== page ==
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Old 09-25-2002, 08:46 PM
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Post Best breakin lube??

Getting ready to fire up my 350. I had planned on some Delo oil with a qt. of Chevrolet EOS in it. My local Chevy dealer "don't have, can't or won't get it" The dolt tried to sell me MOS. So...what's next best thing? Lucas?.
While I'm asking...Isky did not include a breakin procedure with all their other instructions. I'd like to hear advice on cam breakin. Thanks

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Old 09-26-2002, 09:37 AM
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you can't be talkin bout cam break in lube cause youre already going to start it. just any ol 30 wgt oil since youre gonna drain it after 20 minutes at 2200 rpm.
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Old 09-26-2002, 09:57 AM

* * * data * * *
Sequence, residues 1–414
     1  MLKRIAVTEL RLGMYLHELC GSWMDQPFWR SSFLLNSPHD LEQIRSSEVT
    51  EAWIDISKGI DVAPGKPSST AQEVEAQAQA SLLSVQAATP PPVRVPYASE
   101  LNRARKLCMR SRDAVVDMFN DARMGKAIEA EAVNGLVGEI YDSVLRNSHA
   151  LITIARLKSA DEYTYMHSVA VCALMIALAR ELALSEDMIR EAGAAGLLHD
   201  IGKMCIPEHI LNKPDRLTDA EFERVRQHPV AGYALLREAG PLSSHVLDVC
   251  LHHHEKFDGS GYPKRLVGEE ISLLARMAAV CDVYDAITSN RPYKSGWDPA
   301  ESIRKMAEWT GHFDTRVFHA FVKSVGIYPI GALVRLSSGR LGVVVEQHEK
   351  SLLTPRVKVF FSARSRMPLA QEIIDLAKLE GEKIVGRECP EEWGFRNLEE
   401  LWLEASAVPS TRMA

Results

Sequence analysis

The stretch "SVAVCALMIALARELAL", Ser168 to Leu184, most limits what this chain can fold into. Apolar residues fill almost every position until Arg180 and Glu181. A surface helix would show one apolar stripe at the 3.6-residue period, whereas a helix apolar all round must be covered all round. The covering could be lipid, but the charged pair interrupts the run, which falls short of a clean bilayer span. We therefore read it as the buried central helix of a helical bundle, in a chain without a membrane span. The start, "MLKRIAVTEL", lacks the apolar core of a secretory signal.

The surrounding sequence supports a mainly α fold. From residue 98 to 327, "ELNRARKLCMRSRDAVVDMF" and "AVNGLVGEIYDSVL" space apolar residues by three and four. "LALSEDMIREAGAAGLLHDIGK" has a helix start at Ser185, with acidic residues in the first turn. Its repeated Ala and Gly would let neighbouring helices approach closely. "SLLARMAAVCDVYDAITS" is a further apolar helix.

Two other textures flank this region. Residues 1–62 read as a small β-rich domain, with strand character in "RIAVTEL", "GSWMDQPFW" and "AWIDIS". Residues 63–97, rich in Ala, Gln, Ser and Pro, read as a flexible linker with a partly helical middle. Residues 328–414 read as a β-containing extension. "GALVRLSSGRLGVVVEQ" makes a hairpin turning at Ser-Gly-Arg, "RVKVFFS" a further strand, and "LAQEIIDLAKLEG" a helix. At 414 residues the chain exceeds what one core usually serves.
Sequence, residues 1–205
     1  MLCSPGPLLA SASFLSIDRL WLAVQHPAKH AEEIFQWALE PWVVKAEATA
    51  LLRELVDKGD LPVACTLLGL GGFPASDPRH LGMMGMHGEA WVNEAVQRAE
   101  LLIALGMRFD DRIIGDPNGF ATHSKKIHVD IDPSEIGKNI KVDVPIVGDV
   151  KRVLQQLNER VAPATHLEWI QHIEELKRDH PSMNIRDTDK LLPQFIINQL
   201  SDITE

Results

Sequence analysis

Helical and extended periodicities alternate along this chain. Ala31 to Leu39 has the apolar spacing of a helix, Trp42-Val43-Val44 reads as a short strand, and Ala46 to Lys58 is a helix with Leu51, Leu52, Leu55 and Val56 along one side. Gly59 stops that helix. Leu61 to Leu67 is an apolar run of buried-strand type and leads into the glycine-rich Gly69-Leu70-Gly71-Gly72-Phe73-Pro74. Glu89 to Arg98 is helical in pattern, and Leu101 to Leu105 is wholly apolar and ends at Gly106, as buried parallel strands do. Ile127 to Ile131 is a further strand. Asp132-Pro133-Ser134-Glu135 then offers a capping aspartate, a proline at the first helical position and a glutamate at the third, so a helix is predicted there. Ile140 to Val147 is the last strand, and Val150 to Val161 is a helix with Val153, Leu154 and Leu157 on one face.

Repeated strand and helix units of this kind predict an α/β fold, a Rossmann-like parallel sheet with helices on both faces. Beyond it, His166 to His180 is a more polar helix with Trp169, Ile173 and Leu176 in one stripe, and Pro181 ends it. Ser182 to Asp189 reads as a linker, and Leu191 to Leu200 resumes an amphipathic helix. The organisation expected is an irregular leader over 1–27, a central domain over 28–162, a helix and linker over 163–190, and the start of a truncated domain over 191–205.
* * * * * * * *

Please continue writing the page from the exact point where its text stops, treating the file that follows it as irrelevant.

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If you put in sythetics or any additive you will ruin your engine. It needs to break-in, and it can't do that without a little bit of friction. Just use a decent 10w40 for the first 1000KM, then put the good stuff in. To break in your cam you need to run the engine a 2000 rpm for a minimum of 20 minutes. If you didn't grease-up your cam when you installed it, you should at least pre-lube your engine with an old distributor and a drill.

Good luck
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Old 09-26-2002, 10:11 AM
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Not to worry1 i used the lube Isky sent with the cam. I lubed all valvetrain components with it. I also lubed the main and throws with an assembly lube. I will use a prelube tool just befre we stab the motor. So..just go with the 30# for break in, then the multi wt. Delo??
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Old 09-26-2002, 09:22 PM